Summer is still to come. And, so are several days of dry weather with temperatures of almost or over 90 degrees. Now, center meteorologists say these conditions could persist - or even get worse - through August.
Chris Eckert, from Eckert`s Orchards, says his farm does not grow soybeans. Still, he says Illinois and Missouri are in the heart of the soybean belt and could get hit hard by the missing rainfall. He says soybeans are in almost everything, including the stock market.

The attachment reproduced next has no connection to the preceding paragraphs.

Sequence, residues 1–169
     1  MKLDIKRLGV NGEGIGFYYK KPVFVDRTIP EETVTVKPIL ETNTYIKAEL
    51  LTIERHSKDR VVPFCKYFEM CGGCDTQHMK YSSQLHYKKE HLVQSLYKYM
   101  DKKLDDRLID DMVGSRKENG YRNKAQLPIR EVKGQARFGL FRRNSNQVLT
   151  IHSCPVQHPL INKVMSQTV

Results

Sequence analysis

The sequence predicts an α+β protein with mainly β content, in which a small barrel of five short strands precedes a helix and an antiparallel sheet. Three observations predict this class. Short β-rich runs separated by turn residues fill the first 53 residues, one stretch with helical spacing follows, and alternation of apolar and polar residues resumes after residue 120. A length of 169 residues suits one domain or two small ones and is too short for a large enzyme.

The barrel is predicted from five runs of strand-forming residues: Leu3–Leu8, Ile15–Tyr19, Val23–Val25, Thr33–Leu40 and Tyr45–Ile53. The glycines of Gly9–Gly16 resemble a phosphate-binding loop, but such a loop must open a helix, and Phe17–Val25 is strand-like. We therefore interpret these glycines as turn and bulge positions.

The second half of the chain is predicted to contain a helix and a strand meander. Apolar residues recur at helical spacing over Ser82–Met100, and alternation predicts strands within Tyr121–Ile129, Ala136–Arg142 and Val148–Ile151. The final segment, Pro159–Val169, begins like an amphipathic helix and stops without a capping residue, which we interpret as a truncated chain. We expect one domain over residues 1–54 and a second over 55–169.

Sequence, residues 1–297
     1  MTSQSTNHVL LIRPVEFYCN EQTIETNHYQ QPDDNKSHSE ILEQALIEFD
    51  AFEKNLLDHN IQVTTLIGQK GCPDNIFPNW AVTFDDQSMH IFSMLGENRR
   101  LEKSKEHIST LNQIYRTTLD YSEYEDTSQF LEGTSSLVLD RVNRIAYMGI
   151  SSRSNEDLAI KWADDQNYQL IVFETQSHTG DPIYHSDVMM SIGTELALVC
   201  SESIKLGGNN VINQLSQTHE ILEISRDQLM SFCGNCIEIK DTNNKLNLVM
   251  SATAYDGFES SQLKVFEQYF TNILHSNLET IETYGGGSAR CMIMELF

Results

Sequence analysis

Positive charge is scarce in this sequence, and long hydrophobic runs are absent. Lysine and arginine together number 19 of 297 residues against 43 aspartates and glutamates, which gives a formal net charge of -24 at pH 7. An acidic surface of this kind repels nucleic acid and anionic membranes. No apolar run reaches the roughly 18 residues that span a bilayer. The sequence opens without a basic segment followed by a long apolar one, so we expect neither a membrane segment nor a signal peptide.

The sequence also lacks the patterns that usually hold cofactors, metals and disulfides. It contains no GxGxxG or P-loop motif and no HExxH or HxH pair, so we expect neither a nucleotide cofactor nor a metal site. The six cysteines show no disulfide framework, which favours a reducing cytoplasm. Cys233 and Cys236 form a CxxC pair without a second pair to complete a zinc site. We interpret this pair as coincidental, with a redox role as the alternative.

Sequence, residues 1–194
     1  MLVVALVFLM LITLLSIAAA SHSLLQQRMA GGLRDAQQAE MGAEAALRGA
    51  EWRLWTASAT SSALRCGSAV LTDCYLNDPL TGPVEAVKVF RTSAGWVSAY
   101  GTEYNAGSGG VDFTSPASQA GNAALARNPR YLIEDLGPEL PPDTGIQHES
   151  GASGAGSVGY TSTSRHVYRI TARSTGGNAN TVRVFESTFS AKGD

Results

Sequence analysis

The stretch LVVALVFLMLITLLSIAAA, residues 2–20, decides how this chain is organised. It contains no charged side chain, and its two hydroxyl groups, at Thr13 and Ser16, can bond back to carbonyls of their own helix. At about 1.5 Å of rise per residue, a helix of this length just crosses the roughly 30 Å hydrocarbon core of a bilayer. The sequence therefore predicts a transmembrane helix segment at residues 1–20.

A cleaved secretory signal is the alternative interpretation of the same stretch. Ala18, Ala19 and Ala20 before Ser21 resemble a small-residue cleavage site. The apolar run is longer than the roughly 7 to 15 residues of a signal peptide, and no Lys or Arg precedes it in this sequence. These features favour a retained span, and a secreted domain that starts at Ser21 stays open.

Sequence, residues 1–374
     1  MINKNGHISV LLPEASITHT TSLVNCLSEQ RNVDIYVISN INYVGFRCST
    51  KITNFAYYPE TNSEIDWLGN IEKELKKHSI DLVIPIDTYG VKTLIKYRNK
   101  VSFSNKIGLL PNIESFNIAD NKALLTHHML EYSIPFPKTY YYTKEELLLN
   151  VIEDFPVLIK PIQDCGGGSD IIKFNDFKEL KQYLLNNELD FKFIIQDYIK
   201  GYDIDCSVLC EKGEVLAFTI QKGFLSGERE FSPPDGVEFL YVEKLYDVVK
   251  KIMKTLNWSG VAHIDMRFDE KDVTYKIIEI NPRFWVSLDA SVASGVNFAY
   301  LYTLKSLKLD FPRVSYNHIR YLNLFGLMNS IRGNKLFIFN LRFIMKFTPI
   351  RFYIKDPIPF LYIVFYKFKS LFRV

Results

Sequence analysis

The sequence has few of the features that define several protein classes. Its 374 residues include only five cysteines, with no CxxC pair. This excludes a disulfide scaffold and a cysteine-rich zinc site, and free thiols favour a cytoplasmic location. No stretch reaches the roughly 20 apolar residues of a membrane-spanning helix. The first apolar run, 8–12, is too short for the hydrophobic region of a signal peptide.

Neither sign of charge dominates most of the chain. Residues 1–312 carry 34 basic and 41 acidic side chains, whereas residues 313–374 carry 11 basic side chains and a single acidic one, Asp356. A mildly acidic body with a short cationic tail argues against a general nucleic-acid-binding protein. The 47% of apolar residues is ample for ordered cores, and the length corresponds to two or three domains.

'Commodity prices in terms of the price of corn and soybeans on the global commodity markets could spike,' he pointed out. 'And result in higher prices in bread and all other kinds of food groups that you would see inside the grocery store shelf all over the world.'
Eckert says he is concerned about his peach crops. He says a drought could force a yield of small fruit. He is also worried about the pumpkin patch. Those seeds go in the ground this week.
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